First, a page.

September 20, 2022
Outstanding student performer, Harrison Benford, performed in all five concerts on FMMC’s 2021-22 Student Recital Series at venues including Strathmore Mansion, Chevy Chase Village Center, Goodwin House in Alexandria, and Riderwood Chapel in Silver Spring. We appreciate his passion for public performance, and in thanks for his contribution to our programs, welcome him as an honorary member for the coming year.
In addition to the article in our October 2022 Newsletter about Harrison, we also invited him to share his own thoughts on being a musician and his important milestones thus far.
Q: Can you tell us how piano came to your life, or how do you remember it?
Harrison: I remember it very fondly! I was walking down the street with my family, age 4. Suddenly, I broke away from my dad’s hand and sprinted towards the sounds of a busker. I immediately ran back to my dad and asked him to start learning the piano. Although they initially said no, I spent the next 6 months pestering my parents about taking piano lessons until the day I turned 5 when they finally agreed. It has been a wonderful 12 years since then!
Q: You participated and won many piano competitions. If you could highlight just one, which would it be and why?
Harrison: It’s gotta be the Rubato International Piano Competition held in Oxford, AL. It’s not only the most recent competition I’ve won, but also the biggest. The format was a week-long program for jazz and classical pianists, juried by a stellar panel of concert pianists from throughout the United States. Twenty-one semi-finalists from eleven countries met for master classes, practice sessions, and socializing, and, of course, to compete in three divisions: one for jazz pianists and two, divided by age, for classical pianists. After the finalists were selected, we each played one last piece for a live audience – I played the 4th and 5th movement from Bartok’s Out of Doors. I ended up winning first place, a gold medal and $5,000!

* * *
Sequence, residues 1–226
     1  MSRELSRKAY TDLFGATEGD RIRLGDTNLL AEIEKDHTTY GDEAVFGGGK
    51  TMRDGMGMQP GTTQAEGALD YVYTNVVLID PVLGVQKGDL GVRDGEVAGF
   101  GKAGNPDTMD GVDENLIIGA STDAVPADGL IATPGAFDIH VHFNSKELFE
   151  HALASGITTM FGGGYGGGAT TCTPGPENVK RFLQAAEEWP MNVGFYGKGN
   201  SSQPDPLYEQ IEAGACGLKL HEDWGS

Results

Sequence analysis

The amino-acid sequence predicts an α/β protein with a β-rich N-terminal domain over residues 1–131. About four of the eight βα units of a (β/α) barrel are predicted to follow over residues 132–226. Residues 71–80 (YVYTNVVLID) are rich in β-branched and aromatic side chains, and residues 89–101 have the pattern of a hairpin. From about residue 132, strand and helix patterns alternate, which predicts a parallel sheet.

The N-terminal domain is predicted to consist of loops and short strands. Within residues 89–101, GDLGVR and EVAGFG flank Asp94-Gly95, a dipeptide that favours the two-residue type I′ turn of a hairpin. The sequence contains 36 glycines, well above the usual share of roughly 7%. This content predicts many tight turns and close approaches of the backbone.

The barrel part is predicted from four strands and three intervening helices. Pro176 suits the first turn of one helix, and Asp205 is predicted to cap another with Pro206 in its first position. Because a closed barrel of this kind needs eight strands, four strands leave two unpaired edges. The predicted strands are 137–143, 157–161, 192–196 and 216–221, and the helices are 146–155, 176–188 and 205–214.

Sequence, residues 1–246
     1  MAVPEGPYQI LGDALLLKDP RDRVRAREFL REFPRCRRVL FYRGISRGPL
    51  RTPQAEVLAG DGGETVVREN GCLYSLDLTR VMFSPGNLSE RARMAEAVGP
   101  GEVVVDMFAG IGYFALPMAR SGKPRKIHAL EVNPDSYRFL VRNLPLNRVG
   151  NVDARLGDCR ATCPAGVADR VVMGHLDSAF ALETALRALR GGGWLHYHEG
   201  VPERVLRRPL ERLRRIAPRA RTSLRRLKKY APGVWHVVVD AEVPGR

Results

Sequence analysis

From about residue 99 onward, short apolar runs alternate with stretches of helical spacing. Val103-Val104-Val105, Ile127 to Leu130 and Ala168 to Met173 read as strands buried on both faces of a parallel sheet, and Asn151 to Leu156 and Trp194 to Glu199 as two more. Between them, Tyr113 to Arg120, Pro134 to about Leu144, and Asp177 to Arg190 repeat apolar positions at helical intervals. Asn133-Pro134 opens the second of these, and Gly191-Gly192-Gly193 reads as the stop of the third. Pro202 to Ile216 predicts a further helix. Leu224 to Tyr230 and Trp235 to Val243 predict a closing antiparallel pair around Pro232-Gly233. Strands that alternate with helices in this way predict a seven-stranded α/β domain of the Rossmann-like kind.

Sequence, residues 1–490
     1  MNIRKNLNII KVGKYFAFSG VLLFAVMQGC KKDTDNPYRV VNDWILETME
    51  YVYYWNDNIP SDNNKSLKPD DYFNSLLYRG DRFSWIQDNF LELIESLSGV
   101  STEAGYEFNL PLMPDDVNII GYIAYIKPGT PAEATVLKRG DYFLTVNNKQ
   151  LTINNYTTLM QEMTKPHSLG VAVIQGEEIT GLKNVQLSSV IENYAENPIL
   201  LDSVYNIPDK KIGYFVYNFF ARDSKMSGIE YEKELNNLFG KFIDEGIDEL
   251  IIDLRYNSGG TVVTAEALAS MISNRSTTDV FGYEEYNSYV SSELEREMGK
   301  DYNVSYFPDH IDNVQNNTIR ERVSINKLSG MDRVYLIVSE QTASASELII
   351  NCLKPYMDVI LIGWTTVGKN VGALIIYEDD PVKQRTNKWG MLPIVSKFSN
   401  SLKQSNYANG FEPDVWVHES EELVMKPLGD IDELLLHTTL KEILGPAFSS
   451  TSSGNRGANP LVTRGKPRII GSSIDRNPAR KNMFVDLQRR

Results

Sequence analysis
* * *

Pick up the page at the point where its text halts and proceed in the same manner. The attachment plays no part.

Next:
Q: You credit your teacher of 6 years Nancy O’Neill Breth in Washington, DC for her guidance with transforming your development as a musician and a human being. Can you elaborate how taking piano lessons affects your personality?
Harrison: My lessons make me a more thoughtful and reflective person. The way music is notated really tells us nothing about the emotional intent behind pieces. In order to correctly interpret a piece, you have to dig beyond the surface that is the little black marks on the page and analyze harmonies, structures, theme variations, rhythms, articulations, and so on. Once you have fully analyzed a piece, or “mapped” it, as Mrs. Breth says, then you can truly understand the piece and how it should be played.
Mrs. Breth also has the wonderful and rare ability to completely change the way in which people think about the world. She does this through long and philosophical discussions. These always relate back to music in some way or another, but there is also an underlying message she tries to convey through each conversation.
Q: Outside of music, you study Mandarin and are nationally ranked in both QuizBowl and tournament Scrabble, being named one of the top ten youth players in North America in 2022. How do these activities and skills connect with musicianship?
Harrison: Musicianship is (thankfully!) not just being a technically-perfect performer, having a good ear, or having the brains to be a scholar. Being a musician also means you must connect and collaborate with people. We do this in many ways: private lessons, chamber music, teaching, or even analyzing music. Similarly, I make strong connections with people through games such as Scrabble and Quizbowl, as well as the beautiful language of Mandarin. I play duo scrabble and a few years ago my partner and I ranked 3rd in North America! Likewise, Quizbowl is played on a team of four and last year we ranked top 5% in the nation. And of course, I can’t leave out Mandarin! The Chinese language has been a passion of mine ever since my 6th grade counselor discouraged me from taking the course because it was “too hard” for non-native speakers. Needless to say, I took on the challenge and here I am six years later in AP Chinese in my senior year of high school. Chinese, just like music, is a language used to communicate with other people. One of the really cool aspects of the language is that it is a tonal language, meaning that “má” means something completely different than “mà”, the only difference being your inflection. Having a good ear for Chinese is essential, and something that I personally think I get from my musicianship.
Thanks so much to Harrison for sharing his thoughts and we wish you all the best! Can’t wait to hear you at the next FMMC Student Recital.